Guns should be loaded by now. The majority of shots will be in one place, directly over the live decoys. The sportsmen's success in getting shots will depend to a great extent on his ability to remain quiet and still, well concealed, and ready to act. Watch for the birds to appear over the decoys. Keep a sharp lookout to leeward, as the best shots come from that quarter. Do not try to see how far away you can see ducks, for they will always see your movements first, and their suspicions will be aroused. Many a chance is lost that would have been a fine shot, if only the sportsman had kept down and quiet. When ducks intend to come over the decoys and have approached, say within 100 yards, and the sportsman has discovered them, this is indeed the crucial moment. At this distance, they appear to be within range, but to move now is fatal. Keep perfectly still until they have arrived; then, with feet firmly planted in the center of the boat, stand up quickly, select a bird, hold well ahead, and shoot. Should the ducks alight before you can shoot, scare them up, but be careful to hold well over your bird, or you will surely shoot under him.
Often, birds that are wary will alight well outside the decoys, and, if nothing occurs to alarm them, they will usually swim in and join the decoys. Sometimes, the sportsman will not discover these birds until they are among the live decoys. Having made a kill, the sportsman should not attempt to retrieve the birds until he is sure that no other birds are approaching. When two men are shooting, the man to leeward should always allow the birds to go up past him before standing up. This will allow his companion to get a shot also. When birds have become unusually wary, often times a "flyer" decoy can be used to advantage.
Safety first is our motto. When the day's sport is over, guns should be unloaded before coming ashore. Do not bring loaded guns ashore.
Sportsmen not accompanied by a guide will be held responsible for the safe return of all outfit supplied them by the management. Care must be used in handling our live decoys, and should any of them be lost or shot through carelessness, a charge will be made for the bird. Wooden decoys should not be left out overnight. Sportsmen returning ashore at night are met by a shore boy who will take charge of all equipment, thus leaving the sportsman free to prepare for the hearty dinner awaiting him at the big house.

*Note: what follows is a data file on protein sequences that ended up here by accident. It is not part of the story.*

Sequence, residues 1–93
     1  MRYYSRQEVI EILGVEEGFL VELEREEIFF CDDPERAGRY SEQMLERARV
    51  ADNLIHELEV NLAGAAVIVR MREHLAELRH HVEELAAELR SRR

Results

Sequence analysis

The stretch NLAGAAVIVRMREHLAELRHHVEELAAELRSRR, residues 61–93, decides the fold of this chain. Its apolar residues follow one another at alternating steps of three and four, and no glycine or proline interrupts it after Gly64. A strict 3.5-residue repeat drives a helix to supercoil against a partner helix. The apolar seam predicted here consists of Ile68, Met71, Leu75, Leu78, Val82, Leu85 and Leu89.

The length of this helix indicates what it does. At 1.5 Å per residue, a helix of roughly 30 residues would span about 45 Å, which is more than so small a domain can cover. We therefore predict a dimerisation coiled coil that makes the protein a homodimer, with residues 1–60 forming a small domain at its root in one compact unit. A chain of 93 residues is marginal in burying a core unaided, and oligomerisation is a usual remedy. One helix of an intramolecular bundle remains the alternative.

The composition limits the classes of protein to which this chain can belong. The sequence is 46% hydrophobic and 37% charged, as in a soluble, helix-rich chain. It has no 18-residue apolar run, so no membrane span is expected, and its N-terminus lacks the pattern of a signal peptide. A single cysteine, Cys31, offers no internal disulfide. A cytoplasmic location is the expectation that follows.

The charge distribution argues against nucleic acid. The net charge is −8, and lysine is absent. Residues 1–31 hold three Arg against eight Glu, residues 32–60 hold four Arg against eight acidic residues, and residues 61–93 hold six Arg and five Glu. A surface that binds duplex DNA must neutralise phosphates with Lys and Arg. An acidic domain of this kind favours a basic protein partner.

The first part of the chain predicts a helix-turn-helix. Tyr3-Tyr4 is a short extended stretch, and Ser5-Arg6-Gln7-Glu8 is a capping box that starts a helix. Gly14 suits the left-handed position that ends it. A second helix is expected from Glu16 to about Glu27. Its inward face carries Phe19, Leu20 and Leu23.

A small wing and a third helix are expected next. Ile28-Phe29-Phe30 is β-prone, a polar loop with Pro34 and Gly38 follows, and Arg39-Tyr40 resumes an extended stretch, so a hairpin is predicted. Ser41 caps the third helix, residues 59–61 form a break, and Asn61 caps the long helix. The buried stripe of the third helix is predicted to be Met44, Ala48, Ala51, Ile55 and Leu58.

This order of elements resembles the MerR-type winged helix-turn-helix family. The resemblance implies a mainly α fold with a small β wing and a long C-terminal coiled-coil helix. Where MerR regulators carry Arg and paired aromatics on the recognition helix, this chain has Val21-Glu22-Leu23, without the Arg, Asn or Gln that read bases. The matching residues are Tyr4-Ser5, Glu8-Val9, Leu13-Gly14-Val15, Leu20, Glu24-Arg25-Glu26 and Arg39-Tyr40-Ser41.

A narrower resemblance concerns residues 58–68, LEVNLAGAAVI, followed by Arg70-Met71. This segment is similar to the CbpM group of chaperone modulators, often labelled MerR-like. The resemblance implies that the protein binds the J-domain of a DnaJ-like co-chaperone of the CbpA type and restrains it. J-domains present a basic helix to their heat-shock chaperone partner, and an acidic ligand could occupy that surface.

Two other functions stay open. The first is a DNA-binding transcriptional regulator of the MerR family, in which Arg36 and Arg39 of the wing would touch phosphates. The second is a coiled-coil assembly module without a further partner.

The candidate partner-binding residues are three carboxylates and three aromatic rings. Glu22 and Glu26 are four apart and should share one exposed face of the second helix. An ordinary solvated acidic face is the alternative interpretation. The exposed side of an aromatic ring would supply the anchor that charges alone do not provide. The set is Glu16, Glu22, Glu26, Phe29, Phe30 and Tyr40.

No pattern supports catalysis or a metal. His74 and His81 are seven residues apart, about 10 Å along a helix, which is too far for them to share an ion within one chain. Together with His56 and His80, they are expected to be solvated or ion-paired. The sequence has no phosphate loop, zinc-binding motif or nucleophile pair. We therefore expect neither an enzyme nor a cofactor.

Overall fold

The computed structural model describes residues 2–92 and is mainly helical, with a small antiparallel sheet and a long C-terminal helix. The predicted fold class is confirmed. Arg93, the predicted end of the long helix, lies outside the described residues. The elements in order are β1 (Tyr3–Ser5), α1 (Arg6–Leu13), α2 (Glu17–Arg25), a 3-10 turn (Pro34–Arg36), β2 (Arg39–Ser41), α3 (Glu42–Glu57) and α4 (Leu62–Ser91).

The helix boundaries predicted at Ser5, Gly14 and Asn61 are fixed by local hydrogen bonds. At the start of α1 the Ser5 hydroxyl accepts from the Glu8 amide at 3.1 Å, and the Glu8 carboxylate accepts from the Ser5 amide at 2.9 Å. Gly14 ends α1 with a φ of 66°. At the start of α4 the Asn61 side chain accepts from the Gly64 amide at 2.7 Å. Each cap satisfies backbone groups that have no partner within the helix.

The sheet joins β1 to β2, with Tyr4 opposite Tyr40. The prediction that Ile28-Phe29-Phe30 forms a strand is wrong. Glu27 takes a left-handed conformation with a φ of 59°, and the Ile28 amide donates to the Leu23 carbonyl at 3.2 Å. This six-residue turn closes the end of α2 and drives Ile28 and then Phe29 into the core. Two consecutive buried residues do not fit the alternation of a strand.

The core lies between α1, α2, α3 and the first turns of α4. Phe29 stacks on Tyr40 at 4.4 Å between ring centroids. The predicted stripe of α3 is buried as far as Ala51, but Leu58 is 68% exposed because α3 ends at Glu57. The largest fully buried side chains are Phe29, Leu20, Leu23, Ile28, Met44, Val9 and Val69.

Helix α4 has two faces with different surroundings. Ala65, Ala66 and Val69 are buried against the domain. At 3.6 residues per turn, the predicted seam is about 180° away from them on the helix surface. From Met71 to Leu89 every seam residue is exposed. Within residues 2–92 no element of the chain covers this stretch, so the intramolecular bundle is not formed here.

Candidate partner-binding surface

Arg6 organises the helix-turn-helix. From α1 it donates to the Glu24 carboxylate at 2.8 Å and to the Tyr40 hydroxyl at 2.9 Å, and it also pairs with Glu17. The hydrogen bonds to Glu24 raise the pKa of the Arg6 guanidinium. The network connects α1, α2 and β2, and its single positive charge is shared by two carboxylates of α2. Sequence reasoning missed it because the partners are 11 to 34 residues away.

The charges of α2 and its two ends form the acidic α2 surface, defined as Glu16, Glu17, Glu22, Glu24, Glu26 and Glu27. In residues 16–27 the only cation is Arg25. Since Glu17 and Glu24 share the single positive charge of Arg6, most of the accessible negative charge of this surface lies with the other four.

The best shooting is usually enjoyed at high tide, yet good shooting is often found at low tide. At such times when the tide serves right for a very early start, a hearty breakfast will be served. Sportsmen will be provided with a substantial lunch and hot drink to take with them each morning. In the early morning, when it is very still on approaching the shore of the Bay, loud conversation and all unnecessary noise will have to be avoided, or many ducks will be disturbed. Always be as quiet as possible.
Our boats are tight, clean, comfortable, and seaworthy. Properly handled, they are safe for any weather. Each hunting boat is equipped with a good pair of oars, a pole, a water jug, painter and anchor, bailing dish and sponge, and comfortable life preserver cushions. While hunting on Merrymeeting Bay, never leave your boat under any conditions. Should your boat go adrift you probably could not recover it, and your chances of reaching shore without it would not be very good.
Many sportsmen on their way to the big game regions in the Maine woods pass within three miles of Darton's, either by rail or automobile. Why not break the trip by stopping over and having a few days with the ducks? We are said to have the best outfits in New England for duck shooting.
HOW TO GET THERE
The Darton Farms are located three miles from Bowdoinham Village, on the shore of Merrymeeting Bay. The Bay, which is formed by the Androscoggin, Muddy, Cathance, and Abagadassett rivers joining the Kennebec, embraces an area of several thousand acres, mostly of shallow water. It averages two miles wide and perhaps seven miles long. The Bay is about twenty miles from the sea coast.
The water of the Bay is fresh, yet it is also tidal and grows a wealth of wild rice, widgeon grass, etc., for feeding the thousands of wild fowl which congregate there during the shooting season. The black duck is the principal bird in this region, but during the season, many other varieties such as teal, widgeon, bluebills, whistlers and a few mallard, redhead and canvasback are taken.
BOWDOINHAM is situated on the Maine Central Railroad, 37 miles east of Portland, and also lies on the Maine State Motor Highway. Guest arriving by rail will be met at the station and conveyed to the farms by auto. Guests coming by auto from Boston or more western points should leave Boston by the Newburyport Turnpike, passing through Portland, Brunswick, and Bowdoinham. On leaving Bowdoinham village, proceed in the direction that the cannon opposite the Post Office points. Cross a small bridge, climb a small hill, cross two other small bridges, climb a larger hill to a church on the right, about one mile from the post office. At this point take the right hand road, crossing the railroad tracks, proceed to the second right hand road at the old schoolhouse. Turn here, and Darton's is one mile down from the school house, on the right hand side of the road.
Be assured that nowhere can you get more exhilarating sport, more exciting and thoroughly satisfying recreation than you can obtain at Darton's Farm, in Bowdoinham in the midst of the greatest duck shooting in the state.
Bowdoinham Advertiser &endash; August 1985
Frank Connors, Editor